University College Dublin

University College Dublin of Dublin, Ireland, has received US Patent No. 8,116,551, "Method and system for image analysis." A method for determining the level of expression of objects of interest using an automated image analysis system is claimed.

The contract runs for two years, with an option to be extended for a third year, and is worth at least $490,000 per year.

The Newman Fellowship will support a researcher studying proteomics research strategies for an array of projects.

The University College Dublin center also is supported by Agilent, Protagen, Siemens, and other firms.

About 60 percent of NovaUCD's tech-transfer activity last year was in the life sciences. The program has also benefitted from a portion of a €30 million initiative launched by the Irish government in 2007 to boost tech transfer at the country's research institutions.

Looking to support local industry and nurture Ireland's economic recovery, University College Dublin and Trinity College Dublin will combine their existing programs in tech transfer, enterprise development, industry relations, and post-graduate entrepreneurial education, largely in the area of life sciences.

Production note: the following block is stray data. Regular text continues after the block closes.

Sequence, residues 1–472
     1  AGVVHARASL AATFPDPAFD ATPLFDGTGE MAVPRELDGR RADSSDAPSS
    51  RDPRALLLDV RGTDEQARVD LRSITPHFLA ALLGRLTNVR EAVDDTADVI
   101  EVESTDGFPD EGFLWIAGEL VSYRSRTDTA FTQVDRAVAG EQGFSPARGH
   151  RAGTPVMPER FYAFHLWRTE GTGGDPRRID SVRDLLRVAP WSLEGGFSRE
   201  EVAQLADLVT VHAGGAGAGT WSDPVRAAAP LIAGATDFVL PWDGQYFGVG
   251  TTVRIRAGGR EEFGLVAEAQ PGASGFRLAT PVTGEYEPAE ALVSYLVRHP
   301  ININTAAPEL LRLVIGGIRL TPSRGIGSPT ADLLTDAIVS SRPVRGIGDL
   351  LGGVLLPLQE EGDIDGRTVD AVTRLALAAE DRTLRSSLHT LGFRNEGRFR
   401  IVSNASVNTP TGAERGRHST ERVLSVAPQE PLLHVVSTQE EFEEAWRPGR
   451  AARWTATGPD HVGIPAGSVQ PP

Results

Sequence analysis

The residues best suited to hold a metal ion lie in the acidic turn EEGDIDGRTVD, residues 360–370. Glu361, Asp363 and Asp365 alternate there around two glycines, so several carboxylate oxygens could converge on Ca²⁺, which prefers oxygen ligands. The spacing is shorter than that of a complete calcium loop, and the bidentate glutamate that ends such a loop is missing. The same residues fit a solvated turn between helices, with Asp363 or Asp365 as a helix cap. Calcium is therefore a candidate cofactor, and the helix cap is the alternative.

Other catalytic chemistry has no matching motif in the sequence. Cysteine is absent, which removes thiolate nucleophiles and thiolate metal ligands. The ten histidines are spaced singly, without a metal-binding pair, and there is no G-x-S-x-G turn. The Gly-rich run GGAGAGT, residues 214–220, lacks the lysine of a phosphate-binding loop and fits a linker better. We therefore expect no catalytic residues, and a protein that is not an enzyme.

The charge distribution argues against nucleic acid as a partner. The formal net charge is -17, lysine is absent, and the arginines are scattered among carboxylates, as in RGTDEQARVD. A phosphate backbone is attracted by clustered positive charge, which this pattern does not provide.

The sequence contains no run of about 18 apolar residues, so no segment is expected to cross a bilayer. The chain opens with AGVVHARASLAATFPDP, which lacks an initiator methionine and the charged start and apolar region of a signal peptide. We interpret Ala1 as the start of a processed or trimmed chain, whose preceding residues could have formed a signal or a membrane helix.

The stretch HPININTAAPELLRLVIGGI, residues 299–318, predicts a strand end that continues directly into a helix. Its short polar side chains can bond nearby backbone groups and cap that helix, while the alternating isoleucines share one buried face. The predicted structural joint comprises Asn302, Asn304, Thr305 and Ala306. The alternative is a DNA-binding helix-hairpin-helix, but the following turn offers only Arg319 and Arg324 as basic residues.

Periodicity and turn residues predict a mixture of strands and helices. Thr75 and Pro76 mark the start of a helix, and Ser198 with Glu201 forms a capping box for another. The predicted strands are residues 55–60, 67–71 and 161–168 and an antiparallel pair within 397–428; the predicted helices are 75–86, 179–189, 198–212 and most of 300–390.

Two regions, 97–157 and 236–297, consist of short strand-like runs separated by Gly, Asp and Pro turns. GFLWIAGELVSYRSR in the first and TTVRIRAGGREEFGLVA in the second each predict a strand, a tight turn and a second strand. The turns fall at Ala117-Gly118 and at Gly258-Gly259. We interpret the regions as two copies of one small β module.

Informatics for the Other 'Omic

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While the datasets are dwarfed by comparison to those of genomics and proteomics, metabolomics has challenges all its own. Leaders from the forefront of informatics development for this field sound off on the current status of small molecule informatics and database development, and where they need to go.

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Parabon NanoLabs is partnering with law enforcement to use genetic genealogy approaches to solve cold cases, Buzzfeed News reports.

A Columbia University-led team used emergency contact information from medical records to create family trees and estimate disease heritability.

In Science this week: ancient Southeast Asian genomes provide insight on human migration, and more.

NPR says a new report recommends that former research chimpanzees should be moved to retirement sanctuaries unless that move would shorten their lives.